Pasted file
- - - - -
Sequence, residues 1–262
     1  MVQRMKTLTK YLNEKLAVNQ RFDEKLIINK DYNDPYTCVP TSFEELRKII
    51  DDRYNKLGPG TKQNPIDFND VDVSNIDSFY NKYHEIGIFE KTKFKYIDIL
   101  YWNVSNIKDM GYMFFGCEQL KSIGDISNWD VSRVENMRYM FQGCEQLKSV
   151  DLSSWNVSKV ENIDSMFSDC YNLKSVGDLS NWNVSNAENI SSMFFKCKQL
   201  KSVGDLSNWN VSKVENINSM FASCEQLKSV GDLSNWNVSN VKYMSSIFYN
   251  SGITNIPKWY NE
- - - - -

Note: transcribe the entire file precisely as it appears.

Sequence, residues 1–262
     1  MVQRMKTLTK YLNEKLAVNQ RFDEKLIINK DYNDPYTCVP TSFEELRKII
    51  DDRYNKLGPG TKQNPIDFND VDVSNIDSFY NKYHEIGIFE KTKFKYIDIL
   101  YWNVSNIKDM GYMFFGCEQL KSIGDISNWD VSRVENMRYM FQGCEQLKSV
   151  DLSSWNVSKV ENIDSMFSDC YNLKSVGDLS NWNVSNAENI SSMFFKCKQL
   201  KSVGDLSNWN VSKVENINSM FASCEQLKSV GDLSNWNVSN VKYMSSIFYN
   251  SGITNIPKWY NE